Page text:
AKC PERFORMANCE EVENTS
It’s one of the best ways to deeply bond with your dog. It’s great exercise. And it just might be one of the most personally rewarding endeavors of your life.
It’s the world of canine sports and events.
Something special happens between owners and their dogs when they train for an event. As you and your dog develop the skills necessary for each sport – and then demonstrate what you’ve learned – you experience a sense of accomplishment like no other. With your dog beside you at each turn, you become a true team in every sense of the word.
Participating in canine sports is often not just about winning ribbons or trophies, either (although a healthy competitive spirit doesn’t hurt). Most dog owners say it’s the many personal rewards that keep them coming back event after event. And, we often hear that the friendships with other dog owners that are developed at these events are as important as the events themselves.
There are plenty of opportunities to get involved in sports and events, as we hold more than 22,000 events each year. Whether you just train for fun, or actually compete, we guarantee that you’ll feel a sense of pride at seeing your dog in his “happy” place, showing off new skills and accomplishing incredible goals — together.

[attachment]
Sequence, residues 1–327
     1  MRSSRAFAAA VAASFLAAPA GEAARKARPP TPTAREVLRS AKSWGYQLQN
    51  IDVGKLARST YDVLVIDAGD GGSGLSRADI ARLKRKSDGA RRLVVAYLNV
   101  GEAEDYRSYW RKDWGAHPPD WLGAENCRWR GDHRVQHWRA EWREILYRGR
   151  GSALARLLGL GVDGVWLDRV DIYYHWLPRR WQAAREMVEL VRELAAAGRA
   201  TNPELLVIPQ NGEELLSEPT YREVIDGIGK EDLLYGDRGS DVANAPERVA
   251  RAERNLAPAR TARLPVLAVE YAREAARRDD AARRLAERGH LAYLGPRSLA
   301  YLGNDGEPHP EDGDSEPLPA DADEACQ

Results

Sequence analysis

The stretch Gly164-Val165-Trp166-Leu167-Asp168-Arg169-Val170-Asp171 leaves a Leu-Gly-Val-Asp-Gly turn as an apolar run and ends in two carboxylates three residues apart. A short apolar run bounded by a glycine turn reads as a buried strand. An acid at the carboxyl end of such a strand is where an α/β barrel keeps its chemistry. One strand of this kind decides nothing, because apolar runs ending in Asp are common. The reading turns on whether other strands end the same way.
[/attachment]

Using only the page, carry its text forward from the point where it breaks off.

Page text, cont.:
Agility is a growing dog sport in the United States, with over 1 million entries to the AKC’s Agility Program each year. Dogs race against a clock as they navigate an obstacle course with strong concentration and speed. Whether you just want to have fun exercising with your dog, or want to go further and enter an Agility competition, get ready for a fast-paced, rewarding experience that will get you and your dog in the best shape of your lives!
Developed in the 1930s, Obedience is one of the AKC’s oldest sporting events. From walking on- and off-leash to retrieving and jumping, or demonstrating your dog’s ability to stay, Obedience trials feature dogs that are well-behaved at home, in public places, and in the presence of other dogs. It is essential that the obedience dog demonstrates willingness and enjoyment while it is working with the handler
You and your dog are a team. You do almost everything together – take walks, eat, veg out, even sleep together. So think of the fun you’d have showing off what a great team you are at an AKC Rally® event!
AKC Rally® is one of the newest AKC sports and participation increases every year. Whether you just train or decide to compete, Rally develops better teamwork between you and your dog. Just as importantly, it will sharpen your dog’s obedience skills and behavior – at home and in public.
Barn Hunt is the new and quickly growing dog sport catching fire across the country! Barn Hunt is based on the traditional roles of many breeds in ridding farms, barns, crop storage areas, and homes of destructive vermin. Some breeds were specifically created to fill this role, and for many of those breeds.